I’ll begin by emphasizing the importance of this blog topic. Far too many of us spend far too much time investing in the act of worry—with no payoff. Imagine what most of us could have done with the time we’ve spent fretting. Better yet, imagine what you could accomplish when you decide to send your worries packing.

Why worry?

Typical worriers somehow believe that worrying plays a role in keeping them safe. They suffer from endless agonizing and, therefore, thwart the possibility of bad outcomes. If this were so, believe me I’d join in on the worry party. But, it’s not.

Worry comes from learned brain activity. In other words, you taught yourself what to worry about, when to worry, and how to worry. Perhaps—for whatever reason— you worry that something bad might happen. Whether it does or not, you’ve taught yourself to kick in the worry response. Now it’s time to un-learn it—if you will. Learn how to trust that you’ve done all you can to preclude a crisis. In the event that it still occurs, understand that you have the resilience to bounce back.

Before I offer you suggestions for eliminating worry from your daily “to-do” list, think about what a person actually gets out of worrying. How does it give back to the person who has selected it as their preferred activity? For one, worry allows people to avoid change. The act impedes on the person’s ability to take action because of being caught up in feelings of uneasiness and preoccupation. Also, worry makes people give away their power. Once worriers opt to wallow in the indecisive pool of anxiety, this is what controls them. This is what they have chosen—over living in the moment. Finally, choosing to worry gives people a false sense of purpose. Have you ever heard someone say, “I’ve been worried for hours!” They mean it! They’ve invested hours into a senseless, useless activity that has given them a false sense of purpose.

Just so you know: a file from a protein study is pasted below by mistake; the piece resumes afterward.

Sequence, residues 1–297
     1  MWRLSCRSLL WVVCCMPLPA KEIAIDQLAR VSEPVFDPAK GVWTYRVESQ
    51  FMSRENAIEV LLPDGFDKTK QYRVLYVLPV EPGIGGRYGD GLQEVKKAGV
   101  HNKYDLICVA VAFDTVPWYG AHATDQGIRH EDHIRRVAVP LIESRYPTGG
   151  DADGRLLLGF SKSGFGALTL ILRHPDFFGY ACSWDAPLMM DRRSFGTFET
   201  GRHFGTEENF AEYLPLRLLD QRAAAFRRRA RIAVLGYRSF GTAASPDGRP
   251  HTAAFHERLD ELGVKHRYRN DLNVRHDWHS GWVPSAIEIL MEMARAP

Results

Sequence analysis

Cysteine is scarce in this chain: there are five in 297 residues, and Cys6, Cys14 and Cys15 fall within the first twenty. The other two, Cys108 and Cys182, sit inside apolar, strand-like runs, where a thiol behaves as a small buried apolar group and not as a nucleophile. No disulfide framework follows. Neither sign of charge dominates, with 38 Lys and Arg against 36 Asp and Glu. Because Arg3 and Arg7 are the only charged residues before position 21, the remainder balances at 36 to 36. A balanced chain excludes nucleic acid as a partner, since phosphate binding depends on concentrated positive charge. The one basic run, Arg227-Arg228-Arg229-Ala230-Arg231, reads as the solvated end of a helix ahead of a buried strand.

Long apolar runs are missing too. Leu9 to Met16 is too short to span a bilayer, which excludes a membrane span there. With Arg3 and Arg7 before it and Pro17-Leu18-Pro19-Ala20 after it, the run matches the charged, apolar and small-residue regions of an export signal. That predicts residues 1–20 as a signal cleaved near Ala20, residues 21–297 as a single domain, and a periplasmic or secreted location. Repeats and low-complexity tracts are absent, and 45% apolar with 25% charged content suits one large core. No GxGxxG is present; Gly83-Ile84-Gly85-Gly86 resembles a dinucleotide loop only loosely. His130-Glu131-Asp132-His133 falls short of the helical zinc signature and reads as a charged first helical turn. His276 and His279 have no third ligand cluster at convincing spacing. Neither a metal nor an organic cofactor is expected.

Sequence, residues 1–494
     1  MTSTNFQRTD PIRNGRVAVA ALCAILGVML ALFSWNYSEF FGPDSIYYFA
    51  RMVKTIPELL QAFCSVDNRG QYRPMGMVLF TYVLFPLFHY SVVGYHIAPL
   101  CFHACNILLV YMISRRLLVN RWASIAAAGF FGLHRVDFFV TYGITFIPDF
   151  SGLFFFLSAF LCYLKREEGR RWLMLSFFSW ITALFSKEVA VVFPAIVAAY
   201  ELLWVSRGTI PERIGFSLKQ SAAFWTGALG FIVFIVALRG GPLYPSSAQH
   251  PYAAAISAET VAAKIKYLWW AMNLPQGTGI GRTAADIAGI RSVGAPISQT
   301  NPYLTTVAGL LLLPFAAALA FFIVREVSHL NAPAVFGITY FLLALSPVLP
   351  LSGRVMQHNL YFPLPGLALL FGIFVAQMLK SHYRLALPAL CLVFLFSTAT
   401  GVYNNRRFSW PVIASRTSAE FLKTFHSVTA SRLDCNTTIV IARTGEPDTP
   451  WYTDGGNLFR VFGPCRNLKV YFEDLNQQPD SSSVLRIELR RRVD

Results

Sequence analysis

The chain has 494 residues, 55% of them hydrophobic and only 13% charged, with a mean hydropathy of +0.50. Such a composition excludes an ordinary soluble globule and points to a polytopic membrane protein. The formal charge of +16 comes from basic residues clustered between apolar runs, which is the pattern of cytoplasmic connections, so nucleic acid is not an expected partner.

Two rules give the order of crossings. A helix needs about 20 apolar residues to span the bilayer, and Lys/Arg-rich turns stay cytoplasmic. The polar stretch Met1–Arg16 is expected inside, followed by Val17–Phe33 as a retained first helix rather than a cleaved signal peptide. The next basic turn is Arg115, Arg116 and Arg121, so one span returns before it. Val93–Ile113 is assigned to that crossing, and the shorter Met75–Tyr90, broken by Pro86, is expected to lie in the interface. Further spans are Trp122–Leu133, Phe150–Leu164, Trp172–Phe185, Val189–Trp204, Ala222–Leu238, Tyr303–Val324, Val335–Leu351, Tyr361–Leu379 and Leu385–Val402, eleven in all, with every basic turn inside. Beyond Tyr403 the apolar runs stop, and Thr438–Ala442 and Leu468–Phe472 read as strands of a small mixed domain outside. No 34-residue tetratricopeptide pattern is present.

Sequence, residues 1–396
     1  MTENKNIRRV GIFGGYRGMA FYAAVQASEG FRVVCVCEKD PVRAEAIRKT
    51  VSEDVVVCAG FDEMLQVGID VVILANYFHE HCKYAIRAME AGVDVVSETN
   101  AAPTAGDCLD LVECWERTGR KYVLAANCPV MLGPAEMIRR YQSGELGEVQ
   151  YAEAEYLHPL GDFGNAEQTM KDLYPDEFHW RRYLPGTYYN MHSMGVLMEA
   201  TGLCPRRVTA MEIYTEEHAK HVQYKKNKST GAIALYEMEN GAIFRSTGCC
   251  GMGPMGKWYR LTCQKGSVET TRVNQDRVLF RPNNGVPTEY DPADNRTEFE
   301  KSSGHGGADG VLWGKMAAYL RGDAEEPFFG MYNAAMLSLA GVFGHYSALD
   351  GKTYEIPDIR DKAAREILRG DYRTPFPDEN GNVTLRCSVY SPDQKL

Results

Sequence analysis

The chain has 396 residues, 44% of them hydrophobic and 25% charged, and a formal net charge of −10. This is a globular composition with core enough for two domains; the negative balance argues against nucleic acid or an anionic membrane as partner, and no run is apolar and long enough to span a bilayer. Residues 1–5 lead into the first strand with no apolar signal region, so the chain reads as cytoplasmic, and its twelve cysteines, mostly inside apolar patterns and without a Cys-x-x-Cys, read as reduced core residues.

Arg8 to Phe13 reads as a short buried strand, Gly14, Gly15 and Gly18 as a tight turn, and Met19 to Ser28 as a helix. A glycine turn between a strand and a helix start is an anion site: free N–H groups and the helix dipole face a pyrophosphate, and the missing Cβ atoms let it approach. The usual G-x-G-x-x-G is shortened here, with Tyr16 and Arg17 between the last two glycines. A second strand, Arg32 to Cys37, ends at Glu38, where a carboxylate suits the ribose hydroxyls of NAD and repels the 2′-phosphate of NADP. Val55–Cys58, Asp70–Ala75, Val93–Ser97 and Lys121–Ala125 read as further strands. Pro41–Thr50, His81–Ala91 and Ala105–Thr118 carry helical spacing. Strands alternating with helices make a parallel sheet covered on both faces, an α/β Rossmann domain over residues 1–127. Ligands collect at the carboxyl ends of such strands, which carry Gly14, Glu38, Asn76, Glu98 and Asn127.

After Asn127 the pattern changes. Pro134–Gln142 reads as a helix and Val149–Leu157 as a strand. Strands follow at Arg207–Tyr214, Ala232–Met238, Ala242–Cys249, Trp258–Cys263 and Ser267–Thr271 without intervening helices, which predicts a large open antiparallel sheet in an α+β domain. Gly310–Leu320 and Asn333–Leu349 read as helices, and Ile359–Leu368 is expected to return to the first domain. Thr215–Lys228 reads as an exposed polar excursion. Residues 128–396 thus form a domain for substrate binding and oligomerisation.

Two-step solution

            I’ll say it again: if I could find the benefit or the payoff for time spent worrying, I’d give the activity more consideration. But, I found a better way—and it’s only a two-step process:

  1. Separate and list all of your concerns into two categories:
  • Things I can control
  • Things I cannot control
  1. Control what you can and surrender the rest to destiny.

It’s that simple!